More information about text formats
Letter to the Editor
The article in question：
Crewe JM, Threlfall T, Clark A, Sanfilippo PG, Mackey DA. Pterygia are indicators of an increased risk of developing cutaneous melanomas. Br J Ophthalmol 2017.
Address：#180 Fenglin Rd., Department of Ophthalmology, Zhongshan Hospital Affiliated to Fudan University, Shanghai 200032, P.R. China
Phone: +86-186 1688 1220 or +86-21-64041990 ext. 2684
We read with great interest the paper by Crewe et al.1 The authors showed that patients with pterygium had higher risk of cutaneous melanomas (CM) in a large retrospective matched-cohort study in Western Australia (WA), and suggested pterygium as an indicator for CM. The finding was interesting. However, we doubt the conclusion and its clinical relevance and public health significance.
Compared to control group, patients with pterygium had a 20% or 24% increased risk of developing CM in terms of odds ratio(OR) or incidence rate ratio (IRR), respectively. The incidence rate difference（IRD）, however, was only 27.7/100 000 person-years (PY) (Table 5., by subtracting the IR of the control group from that of the pterygium group, i.e. (186.5-158.8)/100 000 PY). The rate difference corres...
Compared to control group, patients with pterygium had a 20% or 24% increased risk of developing CM in terms of odds ratio(OR) or incidence rate ratio (IRR), respectively. The incidence rate difference（IRD）, however, was only 27.7/100 000 person-years (PY) (Table 5., by subtracting the IR of the control group from that of the pterygium group, i.e. (186.5-158.8)/100 000 PY). The rate difference corresponds to a number needed to harm (NNH) of 3610 (the reciprocal of the rate difference), which means that if 3610 individuals with pterygium that needed to be excised are followed for one year, approximately one additional CM could be detected. However, the annual cases of pterygium treatment in WA were less than 1/3 of this NNH value (figure 2; around 1000 pterygium cases were treated in WA hospitals in 2013) 1. In other words, only one person could gain benefit if all cases of pterygium treatment in WA be carefully followed up for more than 3 years. It could potentially result in unnecessary biopsies, lead to overdiagnosis and overtreatment, and cause enormous waste of resources,2 not to mention the considerable anxiety exposed to the patients and their relatives year by year.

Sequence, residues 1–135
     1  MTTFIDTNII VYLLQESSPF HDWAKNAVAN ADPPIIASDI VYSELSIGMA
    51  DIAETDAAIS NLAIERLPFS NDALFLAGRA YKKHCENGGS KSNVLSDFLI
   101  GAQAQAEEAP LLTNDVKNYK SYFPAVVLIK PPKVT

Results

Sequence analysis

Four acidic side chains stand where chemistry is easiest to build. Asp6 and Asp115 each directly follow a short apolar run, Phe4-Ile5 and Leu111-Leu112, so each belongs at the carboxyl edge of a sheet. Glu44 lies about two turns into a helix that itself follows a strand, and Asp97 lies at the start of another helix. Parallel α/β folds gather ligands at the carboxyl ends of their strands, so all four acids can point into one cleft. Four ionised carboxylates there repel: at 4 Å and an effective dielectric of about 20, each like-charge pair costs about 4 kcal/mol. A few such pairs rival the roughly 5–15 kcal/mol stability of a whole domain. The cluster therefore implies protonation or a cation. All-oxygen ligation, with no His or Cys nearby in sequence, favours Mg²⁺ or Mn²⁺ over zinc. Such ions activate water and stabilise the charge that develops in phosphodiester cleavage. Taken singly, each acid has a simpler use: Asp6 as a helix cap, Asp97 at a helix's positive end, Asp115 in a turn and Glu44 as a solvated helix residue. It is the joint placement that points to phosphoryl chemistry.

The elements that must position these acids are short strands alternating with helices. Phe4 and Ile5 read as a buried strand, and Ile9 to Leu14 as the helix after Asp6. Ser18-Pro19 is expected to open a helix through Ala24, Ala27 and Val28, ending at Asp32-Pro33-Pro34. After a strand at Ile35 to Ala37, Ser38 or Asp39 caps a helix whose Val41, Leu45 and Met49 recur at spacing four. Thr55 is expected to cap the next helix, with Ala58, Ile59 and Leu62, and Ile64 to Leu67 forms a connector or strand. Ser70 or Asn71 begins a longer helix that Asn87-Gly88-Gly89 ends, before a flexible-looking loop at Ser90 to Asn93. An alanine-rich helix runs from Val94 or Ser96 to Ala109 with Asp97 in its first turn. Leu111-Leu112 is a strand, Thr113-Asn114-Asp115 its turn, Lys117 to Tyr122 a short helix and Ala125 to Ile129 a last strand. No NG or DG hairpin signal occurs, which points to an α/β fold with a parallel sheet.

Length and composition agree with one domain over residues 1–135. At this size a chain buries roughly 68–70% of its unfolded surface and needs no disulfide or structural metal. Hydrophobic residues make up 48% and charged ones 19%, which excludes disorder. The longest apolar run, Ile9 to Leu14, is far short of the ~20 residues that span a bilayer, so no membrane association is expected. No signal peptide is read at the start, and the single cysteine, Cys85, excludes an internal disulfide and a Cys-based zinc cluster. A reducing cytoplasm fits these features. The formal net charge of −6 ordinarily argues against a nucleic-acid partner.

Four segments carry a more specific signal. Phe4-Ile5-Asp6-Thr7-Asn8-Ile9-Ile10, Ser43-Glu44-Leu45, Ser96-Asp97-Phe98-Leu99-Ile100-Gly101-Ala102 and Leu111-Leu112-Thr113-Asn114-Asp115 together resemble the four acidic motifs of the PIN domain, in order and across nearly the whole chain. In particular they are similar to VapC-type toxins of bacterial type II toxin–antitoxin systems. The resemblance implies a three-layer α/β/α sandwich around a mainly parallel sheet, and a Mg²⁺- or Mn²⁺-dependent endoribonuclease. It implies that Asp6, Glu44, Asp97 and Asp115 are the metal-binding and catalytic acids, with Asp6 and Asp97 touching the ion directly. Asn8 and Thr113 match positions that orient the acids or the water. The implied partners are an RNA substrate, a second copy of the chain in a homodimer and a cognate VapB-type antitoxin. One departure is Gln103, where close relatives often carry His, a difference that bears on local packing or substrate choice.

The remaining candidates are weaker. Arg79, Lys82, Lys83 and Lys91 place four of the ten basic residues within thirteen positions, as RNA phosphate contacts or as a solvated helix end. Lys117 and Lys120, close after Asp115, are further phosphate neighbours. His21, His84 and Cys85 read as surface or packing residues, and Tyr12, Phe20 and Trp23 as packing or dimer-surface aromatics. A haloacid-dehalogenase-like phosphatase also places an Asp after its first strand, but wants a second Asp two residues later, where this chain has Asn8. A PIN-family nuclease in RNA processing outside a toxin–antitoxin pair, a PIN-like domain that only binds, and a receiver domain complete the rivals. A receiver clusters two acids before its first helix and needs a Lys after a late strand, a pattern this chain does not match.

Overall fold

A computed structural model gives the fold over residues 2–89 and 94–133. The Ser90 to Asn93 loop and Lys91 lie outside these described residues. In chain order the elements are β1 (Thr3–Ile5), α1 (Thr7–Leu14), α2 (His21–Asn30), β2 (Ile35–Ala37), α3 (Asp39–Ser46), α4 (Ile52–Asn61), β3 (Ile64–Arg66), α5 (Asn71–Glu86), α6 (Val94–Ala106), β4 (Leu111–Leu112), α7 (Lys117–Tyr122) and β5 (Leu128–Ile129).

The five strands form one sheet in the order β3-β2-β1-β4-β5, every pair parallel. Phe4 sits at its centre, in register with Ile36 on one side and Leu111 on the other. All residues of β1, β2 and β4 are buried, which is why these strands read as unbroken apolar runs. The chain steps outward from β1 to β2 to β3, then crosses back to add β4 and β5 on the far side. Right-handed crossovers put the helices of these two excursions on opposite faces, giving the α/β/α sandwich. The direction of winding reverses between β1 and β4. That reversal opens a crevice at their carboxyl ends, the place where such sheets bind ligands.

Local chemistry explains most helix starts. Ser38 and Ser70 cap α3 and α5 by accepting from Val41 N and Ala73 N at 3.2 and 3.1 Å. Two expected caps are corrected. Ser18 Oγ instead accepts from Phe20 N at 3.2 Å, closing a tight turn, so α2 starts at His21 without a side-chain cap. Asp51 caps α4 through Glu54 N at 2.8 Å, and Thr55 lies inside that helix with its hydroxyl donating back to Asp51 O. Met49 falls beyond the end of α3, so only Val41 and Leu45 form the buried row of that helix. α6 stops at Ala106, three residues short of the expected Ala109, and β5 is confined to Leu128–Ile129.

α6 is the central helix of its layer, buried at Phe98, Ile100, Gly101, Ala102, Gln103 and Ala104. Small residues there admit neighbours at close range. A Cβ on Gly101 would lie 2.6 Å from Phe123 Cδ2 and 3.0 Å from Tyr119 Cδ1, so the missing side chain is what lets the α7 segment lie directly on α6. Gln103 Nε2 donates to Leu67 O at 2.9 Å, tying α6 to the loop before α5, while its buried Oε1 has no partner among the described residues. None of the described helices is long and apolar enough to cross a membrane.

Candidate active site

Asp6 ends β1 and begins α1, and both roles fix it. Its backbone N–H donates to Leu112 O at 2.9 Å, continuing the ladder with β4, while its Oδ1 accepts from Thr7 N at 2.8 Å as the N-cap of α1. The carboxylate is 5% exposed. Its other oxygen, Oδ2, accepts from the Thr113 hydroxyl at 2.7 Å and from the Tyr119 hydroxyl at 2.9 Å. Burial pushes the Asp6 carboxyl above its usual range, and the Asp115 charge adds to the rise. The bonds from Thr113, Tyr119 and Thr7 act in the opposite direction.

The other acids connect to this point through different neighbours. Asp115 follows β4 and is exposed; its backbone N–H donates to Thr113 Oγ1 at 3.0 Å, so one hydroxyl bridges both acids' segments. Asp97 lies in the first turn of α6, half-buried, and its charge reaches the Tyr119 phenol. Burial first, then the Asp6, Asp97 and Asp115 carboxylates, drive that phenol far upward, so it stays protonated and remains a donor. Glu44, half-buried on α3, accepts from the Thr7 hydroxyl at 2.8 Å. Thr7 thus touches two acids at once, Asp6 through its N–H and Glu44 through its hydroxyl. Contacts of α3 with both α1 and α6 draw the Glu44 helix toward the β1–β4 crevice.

Giving the strategy of the exposure group (the patients with pterygium) sampling, there was obvious selection bias in Crewe’s study. The reported population prevalence of pterygium varies from 2.8% to 7.8% in Australia.3-5 But only the cases with hospital treated pterygium were included in the study, which overrepresented the serious pterygium cases with higher cumulative risk of ultraviolet radiation exposure, thus may be predisposed to CM. On the other hand, patients may have their pterygia removed for cosmetic reasons. An increased detection rate for CM could also be observed in such patients as they might be alert to any changes of their appearance. Thus, the selection of the exposure group in this cohort study could falsely increase the association between pterygium and CM. As acknowledged in the paper, only a small proportion of pterygium cases were included in the study. If, however, the potentially biased conclusion be extrapolated to general pterygium cases, it could do even more harm than good.
A real-world study with big data is appealing because of its representation of the wider population. However, even a small effect, if any, can be statistically significant with a large sample size. Caution should especially be taken in interpreting the findings and their clinical relevance and significance.
Moreover, a typo in Table 5 needs to be corrected. The age groups should be labeled as “>50 years” and “<49 years.”
Minqian Shen. 1,2
1. Zhongshan Hospital Affiliated to Fudan University
2. Center for Evidence-based Medicine, Fudan University
Financial Disclosures: The authors have no financial disclosures.
1. Crewe JM, Threlfall T, Clark A, Sanfilippo PG, Mackey DA. Pterygia are indicators of an increased risk of developing cutaneous melanomas. Br J Ophthalmol 2017.
2. Force USPST, Bibbins-Domingo K, Grossman DC, et al. Screening for Skin Cancer: US Preventive Services Task Force Recommendation Statement. JAMA 2016;316(4):429-35.
3. Pham TQ, Wang JJ, Rochtchina E, Mitchell P. Pterygium, pinguecula, and 5-year incidence of cataract. Am J Ophthalmol 2005;139(6):1126-8.
4. Landers J, Henderson T, Craig J. Prevalence of pterygium in indigenous Australians within central Australia: the Central Australian Ocular Health Study. Clin Exp Ophthalmol 2011;39(7):604-6.
5. McCarty CA, Fu CL, Taylor HR. Epidemiology of pterygium in Victoria, Australia. Br J Ophthalmol 2000;84(3):289-92.